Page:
When I was young I thought shepherd’s pie was what every mom on the street made with seasoned ground beef topped with mashed potatoes. On a trip to England with my mother I ordered shepherd’s pie at a funny little cafe in London near the river and my mother never said anything. The meal was delicious and while driving away in a cab, she leaned over and said, “That shepherd’s pie was made with leftover lamb roast,” and she started to chuckle.
The pie I’d had as a kid is called cottage pie. Shepherd’s pie is made with lamb – shepherd – get it? I can hear you over there in the states… there is no cowpoke called cottage. I know.
I was a really fussy kid when it came to food. I had some physical problems with some food but with other food I was just a silly kid and that was the case with lamb. I didn’t eat venison because that was Bambi and I didn’t eat rabbit because that was Thumper and who could eat a baby sheep? I figured if I could eat it in England I could eat it at home.
People in Maine didn’t eat much lamb. It was very expensive and difficult to source leaving most families with fish, shellfish, beef, chicken or pork. That’s just how it was when we were kids. Times have changed.
Several years ago John and I trekked to Maine for a family reunion. We’d all rented cottages on a lake and we had a terrific time taking turns cooking. Both my brother and sister are really good cooks and my brother is definitely the man you want to have around when it comes to building a fire for roasting marshmallows.
Once we’d passed the jetlag, John suggested we buy lamb chops and cook them on the grill one night. I went to the local Lebanese butcher who specializes in lamb and ordered enough for 12 people. The amount I bought would have cost maybe $25 in Australia (in Australian dollars at the time) so when I saw the bill I nearly fell over. It was $112.50. I looked at John and said, “These had better be perfectly cooked or I’m going to slit my throat.”
In my previous post the other night, we had a slow roasted lamb shoulder rubbed with super ras el hanout from Herbie’s Spices (see my spice giveaway). We had heaps left over so I thought it was about time that I made a real shepherd’s pie.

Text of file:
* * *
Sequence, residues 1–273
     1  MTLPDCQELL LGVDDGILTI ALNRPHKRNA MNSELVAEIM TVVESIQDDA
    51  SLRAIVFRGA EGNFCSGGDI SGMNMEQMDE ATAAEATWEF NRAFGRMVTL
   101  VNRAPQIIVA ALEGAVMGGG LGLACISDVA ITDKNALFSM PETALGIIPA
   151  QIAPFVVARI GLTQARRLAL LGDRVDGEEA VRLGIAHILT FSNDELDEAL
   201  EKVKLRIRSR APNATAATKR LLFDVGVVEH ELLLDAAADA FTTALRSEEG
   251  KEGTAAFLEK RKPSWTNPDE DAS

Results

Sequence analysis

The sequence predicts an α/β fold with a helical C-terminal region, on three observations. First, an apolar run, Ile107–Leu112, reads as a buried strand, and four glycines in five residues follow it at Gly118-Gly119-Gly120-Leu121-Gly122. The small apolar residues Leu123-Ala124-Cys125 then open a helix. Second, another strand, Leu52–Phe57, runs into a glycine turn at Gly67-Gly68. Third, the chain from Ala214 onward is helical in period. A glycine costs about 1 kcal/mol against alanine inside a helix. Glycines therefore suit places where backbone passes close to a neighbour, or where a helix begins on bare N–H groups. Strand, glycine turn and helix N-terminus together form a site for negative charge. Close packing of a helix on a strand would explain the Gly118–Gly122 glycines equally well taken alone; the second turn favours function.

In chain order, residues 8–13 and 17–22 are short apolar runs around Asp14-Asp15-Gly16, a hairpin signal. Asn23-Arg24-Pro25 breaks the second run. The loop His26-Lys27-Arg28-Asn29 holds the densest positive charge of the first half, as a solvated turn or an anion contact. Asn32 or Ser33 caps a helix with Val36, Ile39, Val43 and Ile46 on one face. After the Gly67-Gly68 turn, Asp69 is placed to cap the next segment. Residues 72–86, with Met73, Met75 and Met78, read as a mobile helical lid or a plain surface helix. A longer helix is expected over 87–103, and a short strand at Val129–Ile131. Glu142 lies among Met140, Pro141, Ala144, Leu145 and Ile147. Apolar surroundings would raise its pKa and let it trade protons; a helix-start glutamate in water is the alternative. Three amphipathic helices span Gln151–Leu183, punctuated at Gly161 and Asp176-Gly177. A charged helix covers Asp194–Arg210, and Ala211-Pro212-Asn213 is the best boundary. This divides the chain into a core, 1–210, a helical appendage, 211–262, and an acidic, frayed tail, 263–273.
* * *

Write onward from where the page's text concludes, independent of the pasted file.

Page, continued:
I looked around the net to find a recipe that wouldn’t be dry and I found one. It’s Jamie Oliver’s recipe filled with onion, carrots, celery and tomatoes. I promise you whether you use his version with lamb mince or mine with leftover lamb roast, you’ll thank me. I added 2 tablespoons of tomato paste because I thought the dish needed it.
John’s 92 year old dad is visiting with us and he ate so much of this that I thought he would pop. Whoever said old people have lousy appetites should meet this guy. He’s every cook’s dream. He loves whatever you put in front of him.
He spent the entire afternoon potting up a new herb garden for me. I think he wants to be sure good food will continue.
- 1 red onion, chopped
- 2 carrots, chopped
- 2 sticks of celery, chopped
- 2 cloves of garlic, finely chopped
- a small bunch of fresh rosemary
- olive oil
- 500g leftover lamb roast minced or lightly whizzed in a food processor
- 1 can chopped tomatoes
- 2 tbs tomato paste
- 250ml lamb or vegetable stock (I used chicken stock because it was what I had)
- sea salt and freshly ground black pepper
- 1.5k potatoes
- 100ml milk or cream
- 2 tbs butter
- Peel and roughly chop the onion and carrots
- Trim and roughly chop the celery
- Peel and finely chop the garlic cloves
- Pick the rosemary leaves, discard the stalks
- Heat a large pan on a medium heat
- Add enough olive oil and onion, carrot, celery, garlic and most of the rosemary leaves. Lightly season with salt and pepper.
- Cook for 8 to 10 minutes, stirring occasionally, until softened
- Turn the heat up, add the leftover lamb that has been minced or whizzed.
- Tip in the tinned tomatoes
- Pour in the stock and tomato paste then bring to the boil
- Reduce to a low heat, leave the lid on but slightly ajar, and simmer for 1 hour until most of the liquid is gone.
- Peel the potatoes, cut them into halves and quarters depending on their size, and put them into a pan of cold salted water
- Boil for about 10 - 15 minutes until tender
- Stick a knife into them to check they’re soft all the way through
- Drain in a colander and return them to the pan
- Add the milk or cream, butter and a pinch of salt and pepper
- Mash until smooth and creamy
- Preheat the oven to 190ºC/375ºF
- Place lamb mixture to a large ovenproof baking dish
- Spoon the mashed potatoes evenly over the top and poke the remaining rosemary leaves into the top
- Drizzle with olive oil, then cook in the oven for 25 minutes or until golden and bubbling
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